The first line of battle, which would bear the brunt of the Turkish attack, was led by Hugh, who truly was, as his cognomen indicated, great; he and his men were supported by the entire contingent of Franks, led by the count of Flanders. I have heard about this royal man that, before the battle began, his quartermaster paid a remarkable amount of money for a camel's foot, since he was unable to find anything better for him to eat at that point. The unusual quality of this food had so weakened this man of God that he was scarcely able to remain on his horse, and when someone suggested that he not go into battle, but remain with those besieging the citadel, he quickly replied, "No! I certainly shall go; I only hope that I find a blessed death there with those who are to die today!"
The noble duke Godfrey and his men formed the second line. Count Robert of Normandy and his men made up the third line, and the fourth was led by the splendid bishop of Puy, carrying with him the recently found Lance of the Savior. This line was composed of the bishop's men and those of Raymond, count of Saint-Gilles, who remained within the city, blockading the citadel, so that the inhabitants might not escape. Tancred and his men made up the fifth line, and Bohemund with his army made up the sixth.
Bishops, priests, clerics, monks, dressed in their ecclesiastical garb, marched forward, holding their crosses before them, eager to aid the soldiers with their tearful prayers, themselves awaiting the gift of martyrdom, if they should happen to be cut down. Others looked out from the ramparts of the walls, to watch the outcome of the battle, holding the sign of the Lord's cross in their hands, faithfully making the sign of the cross over the army as it marched forth. In the order I have given, they marched out the gate in front of the temple which our people call the Mahometry, walking so slowly that even a weak old woman would not have asked for a slower pace. God Almighty, with what heartfelt groans were you invoked; while their frail, frightened bodies were being overcome by long hunger, how rapidly did the grief of their wretched hearts reach your ears, O most high one! With what anguish were their minds still lingering in their racked bodies! When weakness was compelling them to despair of victory, God alone remained steadfast in the minds of all in their suffering for You. Their hearts were shattered by long anguish; desiccated by famine, their eyes were too dry to weep; since the exterior man was almost without material substance, spiritual desires struggled violently. Good God, what could you have denied to such devotion when you saw them, or rather made them burn in such agony? When I consider how they maintained a military fierceness on their faces, while their inmost hearts were preparing to undergo martyrdom, I seriously think that no army ever equalled their constancy. Indeed I truly should have said that they raised a shout to heaven; but then I say that they, who performed not with physical strength but with unusual daring of soul, made the sacred trumpets sound.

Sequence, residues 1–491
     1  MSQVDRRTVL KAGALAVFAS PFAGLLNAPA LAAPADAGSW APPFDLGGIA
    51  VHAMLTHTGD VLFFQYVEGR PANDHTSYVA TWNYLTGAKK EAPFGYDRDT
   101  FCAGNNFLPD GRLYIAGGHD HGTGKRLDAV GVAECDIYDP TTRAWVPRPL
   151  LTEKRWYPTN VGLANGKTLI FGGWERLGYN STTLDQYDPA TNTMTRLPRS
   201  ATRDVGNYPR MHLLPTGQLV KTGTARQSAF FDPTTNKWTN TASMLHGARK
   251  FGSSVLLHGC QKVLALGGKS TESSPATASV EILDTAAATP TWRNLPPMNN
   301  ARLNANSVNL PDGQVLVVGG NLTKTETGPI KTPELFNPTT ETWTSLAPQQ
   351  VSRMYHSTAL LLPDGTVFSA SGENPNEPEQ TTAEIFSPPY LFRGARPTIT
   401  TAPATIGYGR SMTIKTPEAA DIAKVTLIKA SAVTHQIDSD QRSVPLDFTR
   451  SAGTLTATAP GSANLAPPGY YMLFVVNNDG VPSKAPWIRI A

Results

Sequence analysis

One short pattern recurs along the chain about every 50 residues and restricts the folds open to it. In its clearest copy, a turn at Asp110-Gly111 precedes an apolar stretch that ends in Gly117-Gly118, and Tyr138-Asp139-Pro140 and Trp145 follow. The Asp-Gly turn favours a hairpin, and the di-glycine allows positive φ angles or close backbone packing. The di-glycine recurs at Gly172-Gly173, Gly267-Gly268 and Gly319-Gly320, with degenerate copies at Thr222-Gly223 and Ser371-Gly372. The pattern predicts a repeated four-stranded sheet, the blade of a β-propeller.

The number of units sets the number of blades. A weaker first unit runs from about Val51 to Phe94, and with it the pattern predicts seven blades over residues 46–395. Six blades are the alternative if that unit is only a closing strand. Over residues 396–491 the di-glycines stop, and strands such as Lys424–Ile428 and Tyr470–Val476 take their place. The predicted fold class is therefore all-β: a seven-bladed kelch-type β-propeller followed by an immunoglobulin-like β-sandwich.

Meanwhile Kherboga saw them leaving the city, moving slowly; he laughed at the small size of the group, and said, "Let them leave, the better that they may, when they have fled from battle, be shut out of the city." But when the entire army had passed through the gates, and Kherbog noticed that the Frankish forces were mighty in order and in number, then, at last, he trembled. As he made preparations to flee, he immediately ordered the master of his palace to let it be known throughout the army, as soon as he saw flames coming from the nearest tents, that the French troops had won the victory. Meanwhile Kherboga began to retreat, little by little, heading for the mountains, while our men were pursuing him relentlessly. Then the Turks, uselessly clever, split their forces into two parts, one of which moved along the shore of the sea, while the other waited in place for the Franks to reach them, thinking that in this manner they might surround our men. When our men perceived this, they turned audaciously towards the Turkish troops, separating themselves from their fellows; because of this excessive boldness, they were the only group of our army that suffered a loss, with only a few knights and scarcely any foot-soldiers escaping alive. The instigator of this foray, together with some others, was Clairambaut of Vandeuil, who, although reputable in his own lands, did nothing useful in the East. Meanwhile, to face the Turks at the edge of the sea, a seventh group was formed out of the two armies led by duke Godfrey and the count of Normandy, and a certain count Renaud was placed in charge. That day the battle was very bitter, and many of our men were slaughtered by the arrows of the enemy. The cavalry of the enemy extended from the river Pharphar to the mountains, length of two miles. Squadrons of pagans attacked from both sides, and struck with arrows and javelins the group of Franks whom our men had placed in the vanguard as the strongest and most likely to resist the Turkish attacks. In charge of them was magnificent Hugh, regal in mind, no less brave than his ancestors, who proudly called out to his men, "Endure, and wait courageously for the second and third discharge of missiles, because they will then flee more quickly than speech."